Instead of using a range, we can use the structure of a collection as an iterator. A for loop will iterate through each of the collection’s elements with the loop variable holding the value of the current element. We will focus on lists and sets in this exercise and maps in the next one.

val fruitList = listOf("apples", "oranges", "bananas") for (fruit in fruitList) { println("I have $fruit.") }

In this example, we declare fruit as the loop variable and use fruitList as the iterator. Each iteration of the loop will set fruit to the value of the current element of fruitList. Therefore, the number of elements contained in fruitList determines the number of times println("I have $fruit.") is executed:

I have apples. I have oranges. I have bananas.

When we first learned about lists and sets in the collections lesson, we discussed their commonality as well as their differences. An additional similarity is that the syntax for iterating through a list and a set is the same.

When iterating through a collection, it is often useful to know what element number, or iteration, we are at. To iterate through the indices of a collection you can use its indices property:

val fruitSet = setOf("apples", "oranges", "bananas") for (setIndex in fruitSet.indices) { println("Index = $setIndex") }

Here we see the indices of fruitSet output. Remember that the first index of a list or a set is always 0:

Index = 0 Index = 1 Index = 2

We can also get the index AND the iterator element using the collection’s withIndex() function. In this case we need to destructure the loop variable declaration by declaring two loop variables and enclosing them in parentheses:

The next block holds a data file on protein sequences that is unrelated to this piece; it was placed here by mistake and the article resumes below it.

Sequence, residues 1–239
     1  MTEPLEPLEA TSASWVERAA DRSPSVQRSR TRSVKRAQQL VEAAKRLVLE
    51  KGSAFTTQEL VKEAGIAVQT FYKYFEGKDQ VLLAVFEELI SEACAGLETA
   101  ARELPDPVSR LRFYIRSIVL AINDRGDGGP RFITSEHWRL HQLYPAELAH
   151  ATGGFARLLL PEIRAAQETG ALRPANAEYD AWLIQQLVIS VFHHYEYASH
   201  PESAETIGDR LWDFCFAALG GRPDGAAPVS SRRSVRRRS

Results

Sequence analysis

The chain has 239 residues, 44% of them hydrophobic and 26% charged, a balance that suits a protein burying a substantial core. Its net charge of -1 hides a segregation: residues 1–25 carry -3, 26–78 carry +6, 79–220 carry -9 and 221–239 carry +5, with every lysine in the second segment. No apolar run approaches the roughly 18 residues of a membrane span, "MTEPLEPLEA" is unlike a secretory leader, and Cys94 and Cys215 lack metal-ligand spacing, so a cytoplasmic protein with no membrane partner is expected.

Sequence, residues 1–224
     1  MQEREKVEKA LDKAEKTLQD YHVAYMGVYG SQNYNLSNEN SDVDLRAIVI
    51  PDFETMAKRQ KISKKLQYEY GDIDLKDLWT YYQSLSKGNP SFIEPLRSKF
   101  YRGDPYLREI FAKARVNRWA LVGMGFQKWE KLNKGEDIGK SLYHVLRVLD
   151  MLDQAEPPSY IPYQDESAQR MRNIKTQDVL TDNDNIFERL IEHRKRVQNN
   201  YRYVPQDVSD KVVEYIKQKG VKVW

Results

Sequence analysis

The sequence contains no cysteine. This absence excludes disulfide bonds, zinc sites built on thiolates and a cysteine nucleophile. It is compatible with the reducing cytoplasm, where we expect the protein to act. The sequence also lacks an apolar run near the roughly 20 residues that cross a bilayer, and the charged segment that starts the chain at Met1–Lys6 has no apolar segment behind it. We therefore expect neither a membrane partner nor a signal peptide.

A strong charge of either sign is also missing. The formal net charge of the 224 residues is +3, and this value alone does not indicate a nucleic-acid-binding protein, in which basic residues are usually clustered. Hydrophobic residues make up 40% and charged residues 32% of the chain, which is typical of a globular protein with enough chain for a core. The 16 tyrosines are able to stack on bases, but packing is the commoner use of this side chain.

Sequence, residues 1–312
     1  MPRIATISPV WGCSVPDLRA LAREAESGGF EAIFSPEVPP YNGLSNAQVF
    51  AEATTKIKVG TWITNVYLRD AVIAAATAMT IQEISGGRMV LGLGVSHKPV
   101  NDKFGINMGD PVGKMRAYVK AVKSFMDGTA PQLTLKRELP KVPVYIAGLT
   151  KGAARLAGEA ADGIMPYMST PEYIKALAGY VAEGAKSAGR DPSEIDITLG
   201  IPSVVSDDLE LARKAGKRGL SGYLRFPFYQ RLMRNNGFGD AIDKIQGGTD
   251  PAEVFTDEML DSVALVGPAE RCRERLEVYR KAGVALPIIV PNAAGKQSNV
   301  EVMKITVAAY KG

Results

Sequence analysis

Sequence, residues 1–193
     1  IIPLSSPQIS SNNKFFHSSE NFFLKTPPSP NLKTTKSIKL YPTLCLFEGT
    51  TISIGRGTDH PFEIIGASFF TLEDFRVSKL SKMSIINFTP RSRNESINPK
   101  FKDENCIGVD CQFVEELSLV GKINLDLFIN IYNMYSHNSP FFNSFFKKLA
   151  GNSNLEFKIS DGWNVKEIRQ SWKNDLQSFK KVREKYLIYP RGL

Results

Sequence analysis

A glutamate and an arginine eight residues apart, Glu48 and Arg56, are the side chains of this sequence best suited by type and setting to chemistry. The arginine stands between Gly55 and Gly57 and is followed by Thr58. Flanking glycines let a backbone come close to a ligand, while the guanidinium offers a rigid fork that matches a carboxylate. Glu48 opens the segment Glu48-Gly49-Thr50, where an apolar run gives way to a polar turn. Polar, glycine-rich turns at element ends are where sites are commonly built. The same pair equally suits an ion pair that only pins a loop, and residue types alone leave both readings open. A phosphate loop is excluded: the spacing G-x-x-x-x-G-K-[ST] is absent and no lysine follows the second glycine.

val fruitList = listOf("apples", "oranges", "bananas") for ((listIndex, fruit) in fruitList.withIndex()) { println("$listIndex is the index of the element $fruit") }

Using withIndex() and destructuring, we are able to access both the index and the element of fruitList:

0 is the index of the element apples 1 is the index of the element oranges 2 is the index of the element bananas



Now you’ll use collections as iterators. To start, implement a for loop using the list mySchedule. The loop should contain:

  • task as the loop variable.
  • the list mySchedule as the iterator.
  • a println() statement in the loop body that outputs the loop variable.

Great, now look at the set myTasks which is declared with the same elements as the list. We know that myTasks will have fewer elements since some of them are repeated and will only be represented once in the set. Let’s confirm this by printing out the indices AND the elements of the set.

Create another for loop that contains:

  • taskIndex and task as destructured loop variables. Be sure to separate them with a comma and enclose them in parentheses.
  • myTasks using the withIndex() function as the iterator.
  • a println() statement in the loop body with the output taskIndex and task separated by a colon (:). Example output: 0: Eat Breakfast

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